We are, really living in a state of not knowing. Poker is a game of partial information. The right Brain nevertheless, cannot bear not to know, struggling with the here and now, and in a sense, is struggling with the entire universe-or should I say YOUniverse. Poker courage is doing it with heart, empowered and fully engaged without attachment to the outcome-Sure you want to win, but don’t personalize it!

Your left Brain Knows the 60/40 end of a proposition--- when to hold em and when to fold em--- when you have some competitive advantage over somebody else is so money. Don’t bet, Don’t gamble, Don’t invest, unless you have some competitive advantage.

Poker is a game of partial information, and when you have a competitive advantage you have to take into account this and, more important, behavioral factors. Read my post: What You Think Is Right Is Wrong With Your Game---The power of mind over money is rooted in mental bias .


What you believe is “real” will be real to you in its consequences---Reframing is a technique that reinterprets challenges, events and conflict, and maintains it in all its richness but helps you look at it in a more open-minded and hopeful way. Learn how to change your beliefs about bad beats, re-interpreting (reframing) what it means to lose, and what it means to be wrong. In essence, you have to change many of the beliefs that cause you to interpret poker information in a painful way. Otherwise Pain is For Sale, and you can’t get enough of what you don’t want. Give yourself a free pass to explore a different mind set.

What we perceive as reality is only a canvas waiting for us to draw upon it any picture we want. Create a whole new set of beliefs that allow you to see from a WTF carefree state of mind, as well as a set of beliefs that always compel you to act with rational self interests. You want to reach a point where you’re playing without hesitating, very much like the way Eli Manning played the last minutes in The Big Game.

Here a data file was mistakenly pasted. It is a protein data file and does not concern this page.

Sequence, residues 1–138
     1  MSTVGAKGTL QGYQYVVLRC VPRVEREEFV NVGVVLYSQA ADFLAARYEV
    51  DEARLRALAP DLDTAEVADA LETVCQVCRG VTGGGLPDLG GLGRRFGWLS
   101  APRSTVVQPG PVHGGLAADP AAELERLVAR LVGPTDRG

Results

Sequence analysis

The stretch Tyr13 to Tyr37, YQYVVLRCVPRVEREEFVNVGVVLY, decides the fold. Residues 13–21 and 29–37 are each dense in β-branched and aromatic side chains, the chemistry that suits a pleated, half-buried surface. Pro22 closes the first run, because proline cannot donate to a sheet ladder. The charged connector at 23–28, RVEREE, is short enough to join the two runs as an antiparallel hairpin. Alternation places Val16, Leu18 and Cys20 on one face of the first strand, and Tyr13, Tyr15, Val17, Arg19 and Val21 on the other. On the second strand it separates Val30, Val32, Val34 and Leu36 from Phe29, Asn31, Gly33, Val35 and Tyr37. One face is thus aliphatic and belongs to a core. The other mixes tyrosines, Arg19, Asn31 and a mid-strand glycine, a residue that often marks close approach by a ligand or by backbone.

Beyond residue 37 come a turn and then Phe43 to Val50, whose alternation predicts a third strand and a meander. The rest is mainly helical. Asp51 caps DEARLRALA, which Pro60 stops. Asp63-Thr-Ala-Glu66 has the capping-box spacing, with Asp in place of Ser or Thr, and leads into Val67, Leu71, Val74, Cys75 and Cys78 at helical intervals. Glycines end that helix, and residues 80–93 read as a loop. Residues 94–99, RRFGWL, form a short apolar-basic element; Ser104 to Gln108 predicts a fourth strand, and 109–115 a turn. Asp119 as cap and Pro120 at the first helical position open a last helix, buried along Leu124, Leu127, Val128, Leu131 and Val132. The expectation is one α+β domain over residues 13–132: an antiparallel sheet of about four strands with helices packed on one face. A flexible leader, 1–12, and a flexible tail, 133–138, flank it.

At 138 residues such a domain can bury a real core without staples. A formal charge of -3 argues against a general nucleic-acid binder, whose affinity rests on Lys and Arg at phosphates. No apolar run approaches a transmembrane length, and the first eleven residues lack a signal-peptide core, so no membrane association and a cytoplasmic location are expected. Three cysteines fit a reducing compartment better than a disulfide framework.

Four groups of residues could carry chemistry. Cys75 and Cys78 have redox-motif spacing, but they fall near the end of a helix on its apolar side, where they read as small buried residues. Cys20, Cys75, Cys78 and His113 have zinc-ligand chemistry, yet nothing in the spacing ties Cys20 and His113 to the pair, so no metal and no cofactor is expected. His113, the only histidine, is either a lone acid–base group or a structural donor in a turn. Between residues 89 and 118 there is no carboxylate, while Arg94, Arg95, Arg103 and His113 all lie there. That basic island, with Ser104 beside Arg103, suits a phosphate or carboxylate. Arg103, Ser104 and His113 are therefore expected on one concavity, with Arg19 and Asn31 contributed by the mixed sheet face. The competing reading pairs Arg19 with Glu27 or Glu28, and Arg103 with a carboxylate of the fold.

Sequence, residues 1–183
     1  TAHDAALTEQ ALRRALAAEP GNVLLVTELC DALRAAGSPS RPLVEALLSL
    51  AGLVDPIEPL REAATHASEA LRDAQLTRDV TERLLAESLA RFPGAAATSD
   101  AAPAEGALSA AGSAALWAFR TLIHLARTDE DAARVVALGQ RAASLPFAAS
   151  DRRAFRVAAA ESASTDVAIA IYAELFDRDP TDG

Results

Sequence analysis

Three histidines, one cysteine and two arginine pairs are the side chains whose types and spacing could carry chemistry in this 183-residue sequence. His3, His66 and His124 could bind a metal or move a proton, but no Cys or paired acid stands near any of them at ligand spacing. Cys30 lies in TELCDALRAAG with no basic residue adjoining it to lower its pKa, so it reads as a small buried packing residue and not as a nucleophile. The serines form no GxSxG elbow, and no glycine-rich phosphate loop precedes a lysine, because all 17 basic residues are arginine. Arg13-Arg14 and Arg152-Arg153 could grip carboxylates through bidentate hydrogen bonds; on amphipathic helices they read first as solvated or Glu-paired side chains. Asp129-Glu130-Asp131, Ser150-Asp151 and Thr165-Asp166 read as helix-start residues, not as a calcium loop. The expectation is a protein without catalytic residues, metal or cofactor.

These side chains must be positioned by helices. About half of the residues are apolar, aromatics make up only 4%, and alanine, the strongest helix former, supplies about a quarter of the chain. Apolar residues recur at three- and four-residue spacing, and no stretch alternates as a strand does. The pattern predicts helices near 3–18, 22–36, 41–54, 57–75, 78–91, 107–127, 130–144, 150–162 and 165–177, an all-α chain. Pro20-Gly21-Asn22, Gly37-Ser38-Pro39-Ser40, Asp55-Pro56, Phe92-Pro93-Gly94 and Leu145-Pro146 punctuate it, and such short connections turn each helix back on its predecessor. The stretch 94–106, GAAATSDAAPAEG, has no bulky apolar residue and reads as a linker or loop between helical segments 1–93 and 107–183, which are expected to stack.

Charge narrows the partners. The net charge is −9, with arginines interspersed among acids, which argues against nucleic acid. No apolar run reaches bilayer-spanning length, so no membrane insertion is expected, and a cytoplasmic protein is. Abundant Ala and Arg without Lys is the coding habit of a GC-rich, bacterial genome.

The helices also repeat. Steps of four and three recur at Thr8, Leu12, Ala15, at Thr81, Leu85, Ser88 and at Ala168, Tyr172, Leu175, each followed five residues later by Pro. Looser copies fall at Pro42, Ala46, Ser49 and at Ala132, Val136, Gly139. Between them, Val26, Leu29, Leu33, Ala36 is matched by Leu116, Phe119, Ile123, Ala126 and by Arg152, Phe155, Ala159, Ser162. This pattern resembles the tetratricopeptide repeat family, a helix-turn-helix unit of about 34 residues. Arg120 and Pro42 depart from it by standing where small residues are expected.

Life 101’s DNA has programmed certain instructions to act, and then we are told by the culture how to act. And while we have to honor the reality of these things, at the same time, we have to reflect on the implications that carrying out these instructions would have on your poker game.


Fear For Sale: These top three fears come from the belief that we can change---the fear of being wrong, the fear of losing money, the fear of missing out and the fear of leaving money on the table.
There’s a saying, Biology is biography---the sum total of your “stress”ful thought creates your health/dis-ease situation—Ulcers, once badges of distinction of “Hard working” Fortune 500 executives, has begged the question, Why don’t Zebra’s get ulcers?

---because they don’t play poker! Not really, because they don’t have Prefrontal cortex dysfunction”.er I mean, To see patterns that aren’t there--- Pattern recognition in random data---the characteristic conceit of our species—to see Order in chaos— Holdem is too random to be left up to chance.


In the United States of Unconscious gambling--- our greedy national brain is always hallucinating. Our shared prediction addiction, delusions of references,lucky "streaks" and "rushes" make the gaming world safe for hypocrisy. Unfortunately we cannot outperform animals, when tested for this. That’s why Zebras don’t get ulcers. They don’t have 'common neural currency' for valuing the many different kinds of opportunities and situations we face as human decision-makers.


A Revolutionary way to think of an Evolutionary flaw---Don’t get caught up in micro patterns-the cognitive illusions . . ZOOM OUT—Instead of ZOOMING IN! Our brains react quickly to patterns and minute changes in our environment. We are not equipped to handle the randomness of chip swings;a formula of ins and outs, need and speed, aggravation and acceleration. It is "unnatural" and therefore, we attempt to create a storyline-- meaningful patterns---where there are none and base our poker decisions on erroneous assumptions.


The good news is that awareness of this phenomenon can make us better players.


psychology-based poker theories